In 1980, Gene Siskel and Roger Ebert devoted an entire episode of their groundbreaking series At the Movies to the perils of horror movies positing a relationship between depictions of violence and actual violence against women. In retrospect, the condescendingly titled Women in Danger is a textbook example of “mansplaining” that clearly put the lauded critics on the wrong side of cinematic history.
The episode gave both men prudish reputations, but while Siskel never shook a perceived air of superiority throughout his career, Ebert proved himself a much more partial analyst than his postulations in Women in Danger would have you believe. Ebert was hardly a genre hater, and the list of horror movies he loved is extensive.
So, while it may be of little surprise to hear that Ebert loved Silence of the Lambs (I mean, who didn’t?) some of the films he gave his iconic “Thumbs Up” to might surprise you. You may even find yourself questioning everything you thought you knew about the Pulitzer Prize winner who passed away in 2013.
All review excerpts are courtesy of RogerEbert.com. Have a read and let us know what you think in the Comments section! Which one of these films are you most surprised to hear that Roger Ebert actually liked? Let’s discuss!
Child’s Play (1988, Directed by Tom Holland)
Considering I gave Ebert the business for calling Child’s Play 2 “sick, unwholesome, and completely malignant”, you might be surprised to know he actually liked the first entry in the now iconic franchise that made Chucky famous. Here’s what he thought:
Roger Ebert (3 Stars): Child’s Play is better than the average False Alarm movie because it is well made, contains effective performances, and has succeeded in creating a truly malevolent doll. Chucky is one mean SOB.
The movie also has an intriguing plot device, which is that nobody, of course, will believe that the doll is alive. Little Andy tries to tell them, but they won’t believe him. Then his mom realizes that Chucky is moving and talking, even though his batteries were not included. They won’t believe her.
The Descent (2005, Directed by Neil Marshall)
Ebert didn’t just like The Descent—he loved it, giving the film 4 stars. Suddenly the man’s taste in horror seems pretty solid, no?
Roger Ebert (4 Stars): In an American studio picture (which, fortunately, The Descent is not), each of the women would be assigned one “problem” to work through, and one related personality characteristic to distinguish her from the others. I’m grateful that “The Descent” doesn’t waste much time on obligatory schematic elements. It just takes the plunge — damn the character development, full speed into the void.
Candyman (1992, Directed by Bernard Rose)
Candyman has built a tremendous cult following over the years, but it wasn’t really celebrated in its time. Roger Ebert was one of the few critics to recognize how progressive this film was at the time of its release.
Roger Ebert (3 Stars): [Bernard] Rose is a director who likes stories about supernatural invasions of real life. His brilliant Paperhouse (1989), about a young girl whose drawings seemed to influence the life of a boy in her feverish dreams, used images of razor-sharp reality to suggest that the dreams were as real as the rest of the movie. Candyman, from Rose’s own screenplay, based on a Clive Barker story, does the same thing. We think we’ll discover that the Candyman is actually a real, live human being – a killer using the legend as a cover. What we do discover is more frightening, and more intriguing. He may literally be a product of the imagination.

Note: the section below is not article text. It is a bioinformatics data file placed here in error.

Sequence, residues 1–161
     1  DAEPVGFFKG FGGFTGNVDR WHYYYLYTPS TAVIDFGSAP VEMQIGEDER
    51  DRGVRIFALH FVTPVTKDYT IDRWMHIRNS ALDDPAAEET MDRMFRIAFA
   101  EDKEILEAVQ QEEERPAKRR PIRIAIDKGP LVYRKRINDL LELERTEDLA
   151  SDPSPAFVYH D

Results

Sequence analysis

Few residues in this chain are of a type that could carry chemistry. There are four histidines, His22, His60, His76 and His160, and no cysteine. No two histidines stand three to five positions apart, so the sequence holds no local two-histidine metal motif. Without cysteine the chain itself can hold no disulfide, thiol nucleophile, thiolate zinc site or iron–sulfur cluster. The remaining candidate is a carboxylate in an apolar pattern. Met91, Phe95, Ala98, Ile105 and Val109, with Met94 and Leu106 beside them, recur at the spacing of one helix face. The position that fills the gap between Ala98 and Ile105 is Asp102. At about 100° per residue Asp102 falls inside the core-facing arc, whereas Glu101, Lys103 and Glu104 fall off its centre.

Henry: Portrait of a Serial Killer (1990, Directed by John McNaughton)
I was truly shocked to discover Ebert appreciated Henry; it’s not because I didn’t love it, I just can’t believe a wholesome critic like Ebert would give props to such a gritty and unsettling movie. It’s a testament to his ability to recognize great cinema, even when it’s ugly to look at.
Roger Ebert (3.5 Stars): Unlike typical “slasher” movies, Henry does not employ humor, campy in-jokes or a colorful anti-hero. Filmed in the gray slush and wet winter nights of Chicago’s back alleys, honky-tonk bars and drab apartments, it tells of a drifter who kills strangers, efficiently and without remorse. The movie contains scenes of heartless and shocking violence, committed by characters who seem to lack the ordinary feelings of common humanity.
May (2003, Directed by Lucky McKee)
May was such an underground, sleeper film, I was surprised to learn that Roger Ebert even saw it much less loved it.
Roger Ebert (4 Stars): [Angela] Bettis makes May peculiar but fully human. There are scenes here of such close observation, of such control of body language, voice and behavior, evoking such ferocity and obsession, that we are reminded of Lady Macbeth. It is as hard to be excellent in a horror film as in Shakespeare. Harder, maybe, because the audience isn’t expecting it. [Jeremy] Sisto‘s performance as Adam is carefully calibrated to show an intelligent guy who is intrigued, up to a point, and then smart enough to prudently back away. He’s not one of those horror movie dumbos who makes stupid mistakes. Notice the look in his eye after he asks her to describe some of the weird stuff that goes on at the animal hospital, and she does, more graphically than he requires.
Last House on the Left (1972, Directed by Wes Craven)
It’s hard to believe that the same man who droned on about Women in Danger was a fan of Wes Craven’s seminal shocker Last House on the Left, but it’s true. He saw the film for what it was: Brutal, bleak, and powerful.
Roger Ebert (3.5 Stars): Wes Craven’s direction never lets us out from under almost unbearable dramatic tension (except in some silly scenes involving a couple of dumb cops, who overact and seriously affect the plot’s credibility). The acting is unmannered and natural, I guess. There’s no posturing. There’s a good ear for dialogue and nuance. And there is evil in this movie. Not bloody escapism, or a thrill a minute, but a fully developed sense of the vicious natures of the killers. There is no glory in this violence.
The Devils Rejects (2005, Directed by Rob Zombie)